Prestissimo is actually quite slowly, not very articulated...

Offline faulty_damper

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Re: Études-Tableaux Op.39 #5: Tempo?
«Reply #18 on: June 28, 2010, 11:10:40 PM »
... So sorry, my bad!

Yes, you are quite bad.  May I remind you about common decency and manners. Your attempt at sarcasm distracts from the ideas that are being discussed.  They draw unnecessary attention to your own lack of knowledge and understanding.  A better way to express your own thoughts and ideas would be to say: "I do not understand the differences between a character indication and a tempo indication. Please explain and help me understand."

Very well, since you asked very nicely.

A tempo indication, like allegro, adagio, moderato, etc,. refers to the speed of a piece.  It is used to help the pianist interpret the music from primarily a speed perspective.

A character indication, like appasionato, tranquillo, languido, etc. refers to the mood of a piece.  It is also used to help the pianist interpret the music from primarliy a mood perspective.

In both cases, each implies the other.  However, the main difference of interpretation is that tempo primarily refers to speed whereas character implies the manner of performance which includes speed, dynamics, phrasing, and articulation.  With a character indication, it is not usually necessary to indicate a tempo.

There are many pieces without a tempo or character indication.  In these instances the composer assumed the tempo and character were obvious and assumed the performer would be able to figure it out.  (J.S. Bach comes to mind, as well as Chopin.) However it does not mean the performer has free reign over the notes.  Quite the contrary.  In these cases, the performer must be even more thoughtful because there is more room for error.

Offline pianisten1989

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Re: Études-Tableaux Op.39 #5: Tempo?
«Reply #19 on: July 01, 2010, 12:15:38 PM »
listen, faulty, I have a headache today, and your essay of ignorance doesn't make it any better.

Offline faulty_damper

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Re: Études-Tableaux Op.39 #5: Tempo?
«Reply #20 on: July 02, 2010, 09:47:54 PM »
listen, faulty, I have a headache today, and your essay of ignorance doesn't make it any better.
Allow me to help you rephrase your statement.

Thank you, Faulty, for taking the time to share with us your knowledge.  While I do not yet understand the ideas you present, I am most certain to consider it and accommodate* it into my knowledge.  I know I am accommodating it because I have a headache which is probably due to the construction work in my mind to accommodate the ideas that were presented.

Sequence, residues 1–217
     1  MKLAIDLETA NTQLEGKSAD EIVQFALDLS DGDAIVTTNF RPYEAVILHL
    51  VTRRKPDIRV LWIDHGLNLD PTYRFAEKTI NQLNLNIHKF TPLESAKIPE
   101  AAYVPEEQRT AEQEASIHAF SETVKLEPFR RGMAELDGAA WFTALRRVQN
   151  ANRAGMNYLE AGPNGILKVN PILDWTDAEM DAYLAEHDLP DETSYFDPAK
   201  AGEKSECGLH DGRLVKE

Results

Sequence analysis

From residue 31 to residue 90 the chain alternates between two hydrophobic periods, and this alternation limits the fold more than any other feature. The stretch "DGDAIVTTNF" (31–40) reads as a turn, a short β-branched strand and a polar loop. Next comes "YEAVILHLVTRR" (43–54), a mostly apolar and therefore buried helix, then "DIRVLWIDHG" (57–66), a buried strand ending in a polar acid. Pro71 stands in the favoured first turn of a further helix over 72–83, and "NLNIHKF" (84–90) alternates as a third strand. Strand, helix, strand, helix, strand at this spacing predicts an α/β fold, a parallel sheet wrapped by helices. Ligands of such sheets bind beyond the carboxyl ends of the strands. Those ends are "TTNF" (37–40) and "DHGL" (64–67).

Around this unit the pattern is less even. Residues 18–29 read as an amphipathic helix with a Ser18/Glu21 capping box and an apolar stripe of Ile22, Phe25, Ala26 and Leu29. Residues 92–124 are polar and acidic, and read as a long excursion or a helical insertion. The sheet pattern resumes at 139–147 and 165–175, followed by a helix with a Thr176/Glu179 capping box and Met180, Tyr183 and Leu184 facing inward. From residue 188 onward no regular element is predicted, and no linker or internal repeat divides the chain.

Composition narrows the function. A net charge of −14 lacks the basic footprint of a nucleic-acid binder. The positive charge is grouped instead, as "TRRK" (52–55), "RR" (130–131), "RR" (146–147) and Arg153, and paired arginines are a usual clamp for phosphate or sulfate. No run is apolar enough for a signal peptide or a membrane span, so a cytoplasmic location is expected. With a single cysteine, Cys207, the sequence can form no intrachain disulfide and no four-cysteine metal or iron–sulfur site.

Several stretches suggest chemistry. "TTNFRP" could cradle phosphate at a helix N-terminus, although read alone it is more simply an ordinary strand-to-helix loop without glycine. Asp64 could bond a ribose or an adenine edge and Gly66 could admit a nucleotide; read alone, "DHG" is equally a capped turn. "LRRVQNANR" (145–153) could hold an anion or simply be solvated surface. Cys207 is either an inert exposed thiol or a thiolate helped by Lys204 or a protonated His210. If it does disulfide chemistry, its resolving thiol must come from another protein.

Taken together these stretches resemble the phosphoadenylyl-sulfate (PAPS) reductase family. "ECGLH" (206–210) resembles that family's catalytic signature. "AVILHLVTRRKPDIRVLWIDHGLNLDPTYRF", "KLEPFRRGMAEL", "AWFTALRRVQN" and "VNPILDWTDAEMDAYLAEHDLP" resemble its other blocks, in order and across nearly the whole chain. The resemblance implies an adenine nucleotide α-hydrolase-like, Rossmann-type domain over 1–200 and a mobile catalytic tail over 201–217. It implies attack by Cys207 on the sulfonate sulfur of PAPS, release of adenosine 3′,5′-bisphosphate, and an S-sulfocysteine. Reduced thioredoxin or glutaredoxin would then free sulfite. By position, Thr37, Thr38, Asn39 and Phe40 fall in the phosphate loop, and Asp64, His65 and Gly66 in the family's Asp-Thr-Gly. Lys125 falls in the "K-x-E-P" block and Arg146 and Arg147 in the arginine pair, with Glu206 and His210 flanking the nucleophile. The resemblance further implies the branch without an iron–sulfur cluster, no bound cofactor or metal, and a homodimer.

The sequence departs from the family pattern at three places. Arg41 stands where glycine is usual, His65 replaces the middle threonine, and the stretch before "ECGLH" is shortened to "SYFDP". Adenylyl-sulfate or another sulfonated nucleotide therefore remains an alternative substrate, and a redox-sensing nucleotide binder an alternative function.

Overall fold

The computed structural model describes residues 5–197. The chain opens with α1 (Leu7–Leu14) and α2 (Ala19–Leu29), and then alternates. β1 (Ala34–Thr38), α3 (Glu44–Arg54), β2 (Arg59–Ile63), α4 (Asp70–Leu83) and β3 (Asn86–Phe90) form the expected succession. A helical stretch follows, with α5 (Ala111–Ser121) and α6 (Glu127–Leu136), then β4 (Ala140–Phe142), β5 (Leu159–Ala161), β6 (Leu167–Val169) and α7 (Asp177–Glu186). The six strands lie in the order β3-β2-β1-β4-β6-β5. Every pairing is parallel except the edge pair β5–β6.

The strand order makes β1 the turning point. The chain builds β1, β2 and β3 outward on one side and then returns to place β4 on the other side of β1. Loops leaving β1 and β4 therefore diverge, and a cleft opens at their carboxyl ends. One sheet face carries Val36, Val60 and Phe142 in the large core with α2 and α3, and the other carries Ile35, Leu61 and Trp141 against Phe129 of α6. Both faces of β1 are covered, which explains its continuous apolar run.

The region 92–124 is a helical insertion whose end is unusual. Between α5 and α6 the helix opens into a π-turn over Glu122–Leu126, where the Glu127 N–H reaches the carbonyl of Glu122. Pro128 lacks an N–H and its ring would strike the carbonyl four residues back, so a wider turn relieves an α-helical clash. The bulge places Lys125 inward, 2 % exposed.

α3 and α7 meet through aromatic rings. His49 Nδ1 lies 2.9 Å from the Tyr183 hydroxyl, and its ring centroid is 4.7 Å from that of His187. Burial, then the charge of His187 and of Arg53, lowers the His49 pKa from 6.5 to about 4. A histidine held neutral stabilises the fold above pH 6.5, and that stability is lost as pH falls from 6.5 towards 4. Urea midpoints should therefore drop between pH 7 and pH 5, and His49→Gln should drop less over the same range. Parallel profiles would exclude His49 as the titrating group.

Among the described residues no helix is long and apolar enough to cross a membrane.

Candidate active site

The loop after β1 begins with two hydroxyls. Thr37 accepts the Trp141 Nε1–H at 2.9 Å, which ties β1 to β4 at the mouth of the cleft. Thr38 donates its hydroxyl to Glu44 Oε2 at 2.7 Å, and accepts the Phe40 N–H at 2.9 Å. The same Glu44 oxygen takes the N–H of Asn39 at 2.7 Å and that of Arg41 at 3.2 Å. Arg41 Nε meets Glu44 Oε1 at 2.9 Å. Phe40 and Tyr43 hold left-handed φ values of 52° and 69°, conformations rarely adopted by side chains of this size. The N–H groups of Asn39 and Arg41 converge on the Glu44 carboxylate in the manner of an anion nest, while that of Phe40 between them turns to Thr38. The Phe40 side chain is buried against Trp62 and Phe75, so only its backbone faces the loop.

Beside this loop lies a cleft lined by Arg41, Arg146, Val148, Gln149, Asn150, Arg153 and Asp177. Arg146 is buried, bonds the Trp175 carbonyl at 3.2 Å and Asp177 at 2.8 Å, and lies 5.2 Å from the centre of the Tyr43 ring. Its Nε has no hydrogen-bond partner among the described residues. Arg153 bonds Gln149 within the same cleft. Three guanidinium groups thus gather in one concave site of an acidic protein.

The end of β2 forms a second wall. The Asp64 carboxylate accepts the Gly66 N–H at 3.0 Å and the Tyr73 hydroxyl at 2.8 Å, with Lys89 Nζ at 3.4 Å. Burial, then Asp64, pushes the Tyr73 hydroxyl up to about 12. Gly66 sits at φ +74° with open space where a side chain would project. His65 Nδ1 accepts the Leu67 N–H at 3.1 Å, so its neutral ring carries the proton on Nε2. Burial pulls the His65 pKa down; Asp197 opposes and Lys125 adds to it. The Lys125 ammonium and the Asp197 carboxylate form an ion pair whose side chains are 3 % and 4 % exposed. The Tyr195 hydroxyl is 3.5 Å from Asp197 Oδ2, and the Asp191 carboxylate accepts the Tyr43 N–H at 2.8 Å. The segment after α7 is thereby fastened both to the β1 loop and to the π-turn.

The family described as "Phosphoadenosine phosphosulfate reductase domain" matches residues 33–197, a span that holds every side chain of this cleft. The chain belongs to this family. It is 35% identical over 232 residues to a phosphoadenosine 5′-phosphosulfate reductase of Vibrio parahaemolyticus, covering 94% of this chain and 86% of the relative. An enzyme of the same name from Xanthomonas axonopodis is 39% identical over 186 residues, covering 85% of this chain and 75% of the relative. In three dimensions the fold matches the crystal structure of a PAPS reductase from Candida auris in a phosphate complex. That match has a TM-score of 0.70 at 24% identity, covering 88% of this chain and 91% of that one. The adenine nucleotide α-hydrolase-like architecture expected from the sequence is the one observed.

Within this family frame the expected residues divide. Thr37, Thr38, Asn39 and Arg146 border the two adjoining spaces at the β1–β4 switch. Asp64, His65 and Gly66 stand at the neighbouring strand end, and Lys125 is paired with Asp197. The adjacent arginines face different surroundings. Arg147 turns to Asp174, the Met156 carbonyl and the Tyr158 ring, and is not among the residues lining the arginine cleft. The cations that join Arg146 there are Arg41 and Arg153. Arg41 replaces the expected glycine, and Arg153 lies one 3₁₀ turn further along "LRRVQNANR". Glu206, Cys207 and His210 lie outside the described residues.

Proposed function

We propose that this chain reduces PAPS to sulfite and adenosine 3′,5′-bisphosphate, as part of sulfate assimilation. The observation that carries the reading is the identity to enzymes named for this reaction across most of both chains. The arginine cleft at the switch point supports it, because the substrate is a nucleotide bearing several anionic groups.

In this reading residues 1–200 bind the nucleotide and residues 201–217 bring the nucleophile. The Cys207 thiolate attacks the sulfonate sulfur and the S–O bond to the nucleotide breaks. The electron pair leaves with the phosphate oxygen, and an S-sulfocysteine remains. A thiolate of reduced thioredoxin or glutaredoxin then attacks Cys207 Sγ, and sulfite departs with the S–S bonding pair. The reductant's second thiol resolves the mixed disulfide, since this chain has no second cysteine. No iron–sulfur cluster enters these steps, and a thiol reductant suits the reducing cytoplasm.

*In learning theory:  Accommodate means to build new structures within the mind so that new information can be assimilated.
Assimilation is placing new information onto pre-existing structures.

Assimilation would be receiving a new book which you can put on your bookcase. Accommodation means you received a book but do not have a bookcase so you build one.  Building new structures is often difficult!  In order to keep that new book, you must build a bookshelf.  But once you have built it, new books can be placed onto it (assimilation).

The idea that appassionato is also a tempo indication goes against previous ideas (the pre-existing structures you have for tempo and character indications).  As such, appassionato can currently only be placed onto the character shelf but not on the tempo shelf.  The difficulty you have is with accepting that appassionato can be placed onto both shelves.   In order for it to be placed onto both shelves, you must realize that it can be placed onto both shelves which means you either must modify/change your definition for tempo and character.

Remember: Doing is EASY.  Learning is DIFFICULT.

Offline gyzzzmo

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Re: Études-Tableaux Op.39 #5: Tempo?
«Reply #21 on: July 03, 2010, 11:54:37 AM »
Adagio, Largo, allegro, appasionato and whatever more you make up, are both 'mood' and 'tempo' indications for me.
And maybe we should go back to the topic itself (instead of continuing the childish arguments from 2 persons here) and talk about what 'passionate' is supposed to mean in music.
Anyway, to my humble opinion passionate (considering the dark mood of this piece) is that the melody should be sort of 'freely and rubatoish'. And looking at the melody itself it should tell you that the piece shouldnt be played too slow, since then the melody would disappear.

That is in many words as i told before: Find the melody and make it sound 'passionate', its not all that hard.

Gyzzzmo
1+1=11

Offline pianisten1989

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Re: Études-Tableaux Op.39 #5: Tempo?
«Reply #22 on: July 03, 2010, 01:47:01 PM »
Arguing? what are you taking me for? I'm not arguing. I simply think Faulty is wrong, so I'm making stupid comments. That's all.

And I stay with what I said earlier: Record yourself. That's the only way you can hear what you're doing, from a critic's point for view.